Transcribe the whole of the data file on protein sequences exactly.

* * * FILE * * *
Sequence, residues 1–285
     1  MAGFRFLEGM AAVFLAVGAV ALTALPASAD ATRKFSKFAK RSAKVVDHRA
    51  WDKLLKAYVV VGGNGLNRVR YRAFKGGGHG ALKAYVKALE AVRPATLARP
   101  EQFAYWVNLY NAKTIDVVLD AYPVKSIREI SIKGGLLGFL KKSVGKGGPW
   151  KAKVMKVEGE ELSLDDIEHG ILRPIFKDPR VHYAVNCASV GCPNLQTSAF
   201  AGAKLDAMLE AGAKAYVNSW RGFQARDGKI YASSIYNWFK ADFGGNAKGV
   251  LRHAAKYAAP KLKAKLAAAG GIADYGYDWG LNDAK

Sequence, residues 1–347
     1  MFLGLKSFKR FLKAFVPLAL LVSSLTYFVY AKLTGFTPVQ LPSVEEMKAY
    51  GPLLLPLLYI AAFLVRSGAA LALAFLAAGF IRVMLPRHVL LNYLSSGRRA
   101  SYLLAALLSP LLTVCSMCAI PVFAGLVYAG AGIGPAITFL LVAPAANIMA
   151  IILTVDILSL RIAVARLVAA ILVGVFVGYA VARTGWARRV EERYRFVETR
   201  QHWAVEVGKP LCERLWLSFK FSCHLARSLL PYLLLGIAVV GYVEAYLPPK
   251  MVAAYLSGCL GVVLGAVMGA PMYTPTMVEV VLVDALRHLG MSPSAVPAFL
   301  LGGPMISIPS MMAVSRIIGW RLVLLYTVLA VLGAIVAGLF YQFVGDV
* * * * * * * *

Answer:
Sequence, residues 1–285
     1  MAGFRFLEGM AAVFLAVGAV ALTALPASAD ATRKFSKFAK RSAKVVDHRA
    51  WDKLLKAYVV VGGNGLNRVR YRAFKGGGHG ALKAYVKALE AVRPATLARP
   101  EQFAYWVNLY NAKTIDVVLD AYPVKSIREI SIKGGLLGFL KKSVGKGGPW
   151  KAKVMKVEGE ELSLDDIEHG ILRPIFKDPR VHYAVNCASV GCPNLQTSAF
   201  AGAKLDAMLE AGAKAYVNSW RGFQARDGKI YASSIYNWFK ADFGGNAKGV
   251  LRHAAKYAAP KLKAKLAAAG GIADYGYDWG LNDAK

Sequence, residues 1–347
     1  MFLGLKSFKR FLKAFVPLAL LVSSLTYFVY AKLTGFTPVQ LPSVEEMKAY
    51  GPLLLPLLYI AAFLVRSGAA LALAFLAAGF IRVMLPRHVL LNYLSSGRRA
   101  SYLLAALLSP LLTVCSMCAI PVFAGLVYAG AGIGPAITFL LVAPAANIMA
   151  IILTVDILSL RIAVARLVAA ILVGVFVGYA VARTGWARRV EERYRFVETR
   201  QHWAVEVGKP LCERLWLSFK FSCHLARSLL PYLLLGIAVV GYVEAYLPPK
   251  MVAAYLSGCL GVVLGAVMGA PMYTPTMVEV VLVDALRHLG MSPSAVPAFL
   301  LGGPMISIPS MMAVSRIIGW RLVLLYTVLA VLGAIVAGLF YQFVGDV